Asymmetrically paced engineered heart tissue recapitulates dyssynchronyassociated contractile impairment

J Stenzig, MN Hirt, M Lemme, M Lemoine, G Hoeppner, Y Etzion, T Eschenhagen

Research output: Chapter in Book/Report/Conference proceedingConference contribution

Abstract

Question
Electrical conduction dyssynchrony is associated with impaired cardiac pump function and poor clinical outcome. Non-physiological action potential propagation can be caused by ectopic electrical pacing or by conduction disorders. The cellular and molecular effects of dyssynchrony are difficult to study in animal models due to multiple secondary effects. Here we set out to test if asymmetrically paced engineered heart tissue (EHT) can be useful to study drug treatment of dyssynchrony in vitro.
Methods
EHT in 24-well format was prepared using either 500,000 neonatal rat ventricular heart cells or 1 million human induced pluripotent stem cell (hiPSC) derived cardiomyocytes. Pacing electrode racks for asymmetrical pacing were constructed and evaluated by EHT excitation mapping under different conditions. EHTs were cultured for 3 weeks and contractility was regularly analysed using a camera and pattern recognition software. EHTs were either left
non-paced (spontaneous beating), or paced symmetrically or asymmetrically from day 4-5 on (2 V, 1.2 ms biphasic pulse; 2 Hz). Protein was extracted and analysed by Western-blot for Ca2+/calmodulin-dependent protein kinase II (CaMKII), P38 mitogen-activated protein kinase (p38MAPK, all isoforms), AKT (all isoforms), p-AKT (P-Ser473) and α-actinin-2.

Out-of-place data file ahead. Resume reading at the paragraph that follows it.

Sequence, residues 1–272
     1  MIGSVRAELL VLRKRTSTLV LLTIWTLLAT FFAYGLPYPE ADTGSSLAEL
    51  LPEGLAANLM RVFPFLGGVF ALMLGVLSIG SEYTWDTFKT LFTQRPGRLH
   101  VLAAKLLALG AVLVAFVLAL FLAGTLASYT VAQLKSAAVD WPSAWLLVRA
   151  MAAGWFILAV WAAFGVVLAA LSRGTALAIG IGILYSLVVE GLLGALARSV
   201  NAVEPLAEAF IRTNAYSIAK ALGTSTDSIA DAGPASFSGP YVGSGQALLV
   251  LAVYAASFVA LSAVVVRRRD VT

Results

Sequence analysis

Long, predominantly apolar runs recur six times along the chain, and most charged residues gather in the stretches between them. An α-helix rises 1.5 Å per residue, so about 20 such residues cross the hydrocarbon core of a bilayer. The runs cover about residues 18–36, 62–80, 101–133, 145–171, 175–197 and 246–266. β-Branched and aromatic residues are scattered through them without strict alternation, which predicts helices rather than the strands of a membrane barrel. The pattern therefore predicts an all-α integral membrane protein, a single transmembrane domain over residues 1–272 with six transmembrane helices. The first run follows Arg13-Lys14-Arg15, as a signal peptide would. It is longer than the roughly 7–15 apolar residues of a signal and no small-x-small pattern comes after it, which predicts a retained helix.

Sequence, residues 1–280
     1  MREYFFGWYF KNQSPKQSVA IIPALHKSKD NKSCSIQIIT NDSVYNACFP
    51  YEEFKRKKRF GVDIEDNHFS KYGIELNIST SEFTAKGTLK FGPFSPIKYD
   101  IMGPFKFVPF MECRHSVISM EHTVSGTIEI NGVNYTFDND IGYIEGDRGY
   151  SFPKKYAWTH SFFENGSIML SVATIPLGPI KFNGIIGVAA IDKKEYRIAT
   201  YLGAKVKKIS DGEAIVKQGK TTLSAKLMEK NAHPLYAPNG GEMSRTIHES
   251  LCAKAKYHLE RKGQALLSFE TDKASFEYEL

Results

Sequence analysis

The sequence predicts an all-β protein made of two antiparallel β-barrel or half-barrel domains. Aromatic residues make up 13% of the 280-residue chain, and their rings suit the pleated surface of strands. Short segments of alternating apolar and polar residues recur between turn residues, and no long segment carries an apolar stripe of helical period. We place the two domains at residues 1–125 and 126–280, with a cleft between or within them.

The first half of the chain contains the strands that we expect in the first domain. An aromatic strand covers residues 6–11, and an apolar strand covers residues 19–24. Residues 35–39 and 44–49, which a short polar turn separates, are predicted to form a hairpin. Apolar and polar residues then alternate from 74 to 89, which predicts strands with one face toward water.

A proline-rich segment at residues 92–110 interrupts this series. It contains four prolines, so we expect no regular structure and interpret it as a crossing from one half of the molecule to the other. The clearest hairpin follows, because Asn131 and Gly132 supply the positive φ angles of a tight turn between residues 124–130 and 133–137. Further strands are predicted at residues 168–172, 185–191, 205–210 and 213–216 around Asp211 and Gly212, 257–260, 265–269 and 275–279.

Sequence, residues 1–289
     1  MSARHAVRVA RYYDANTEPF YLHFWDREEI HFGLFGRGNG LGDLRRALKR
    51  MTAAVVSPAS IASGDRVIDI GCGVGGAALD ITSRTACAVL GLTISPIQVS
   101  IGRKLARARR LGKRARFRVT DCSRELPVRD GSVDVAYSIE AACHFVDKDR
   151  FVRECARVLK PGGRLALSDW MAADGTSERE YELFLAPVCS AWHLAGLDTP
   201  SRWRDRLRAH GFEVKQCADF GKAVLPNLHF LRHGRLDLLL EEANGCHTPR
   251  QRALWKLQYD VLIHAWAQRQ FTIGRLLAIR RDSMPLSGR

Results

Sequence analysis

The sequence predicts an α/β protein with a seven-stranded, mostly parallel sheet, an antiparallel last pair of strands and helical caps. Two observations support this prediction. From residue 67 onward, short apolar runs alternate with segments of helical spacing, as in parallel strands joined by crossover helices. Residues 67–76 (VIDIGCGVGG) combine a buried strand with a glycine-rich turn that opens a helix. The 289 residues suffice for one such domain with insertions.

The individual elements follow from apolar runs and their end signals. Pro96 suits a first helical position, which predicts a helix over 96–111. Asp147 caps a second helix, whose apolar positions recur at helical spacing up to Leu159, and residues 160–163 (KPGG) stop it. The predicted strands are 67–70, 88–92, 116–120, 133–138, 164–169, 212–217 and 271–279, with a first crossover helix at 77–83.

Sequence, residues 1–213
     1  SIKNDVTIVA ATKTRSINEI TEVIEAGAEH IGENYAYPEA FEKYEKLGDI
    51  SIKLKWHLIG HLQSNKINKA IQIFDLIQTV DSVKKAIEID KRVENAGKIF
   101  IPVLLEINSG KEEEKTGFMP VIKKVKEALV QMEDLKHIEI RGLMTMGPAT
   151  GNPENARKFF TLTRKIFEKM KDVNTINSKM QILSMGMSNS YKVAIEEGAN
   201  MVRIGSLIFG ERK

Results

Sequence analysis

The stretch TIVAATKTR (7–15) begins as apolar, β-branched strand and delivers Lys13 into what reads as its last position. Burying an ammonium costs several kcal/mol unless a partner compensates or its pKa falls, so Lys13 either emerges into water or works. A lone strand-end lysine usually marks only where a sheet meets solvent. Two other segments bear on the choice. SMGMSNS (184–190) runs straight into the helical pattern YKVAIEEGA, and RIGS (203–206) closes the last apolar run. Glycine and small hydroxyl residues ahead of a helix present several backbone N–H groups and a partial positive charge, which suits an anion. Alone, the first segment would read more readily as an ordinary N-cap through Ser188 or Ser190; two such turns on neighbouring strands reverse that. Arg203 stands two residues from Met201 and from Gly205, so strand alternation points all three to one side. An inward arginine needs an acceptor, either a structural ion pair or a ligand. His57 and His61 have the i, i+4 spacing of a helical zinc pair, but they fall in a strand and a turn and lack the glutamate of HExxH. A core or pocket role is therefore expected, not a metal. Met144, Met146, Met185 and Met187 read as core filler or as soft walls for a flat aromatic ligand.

Results
The use of asymmetric pacing electrode racks led to electrical propagation through the EHT rather than simultaneous excitation as observed under symmetric pacing. Both rat and human EHT regularly displayed higher force development in symmetrically paced mode than in asymmetrically paced mode, and as compared to non-paced controls. Conduction velocity did not differ between groups after the culture period. Pacing prolonged both contraction and relaxation kinetics. While total CaMKII and p38MAPK protein per EHT did not differ, the abundance of α-actinin-2 was higher in symmetrically paced EHTs, reflecting more contractile units per cell. P-AKT was significantly less abundant in asymmetrically paced EHTs as had been described before for dyssynchrony.
Conclusion
Our findings argue for asymmetrically paced EHT as a promising in vitro platform to study drug effects on dyssynchrony.
Original languageEnglish
Title of host publicationNAUNYN-SCHMIEDEBERGS ARCHIVES OF PHARMACOLOGY
PagesS43-S43
Volume392
DOIs
StatePublished - 2019

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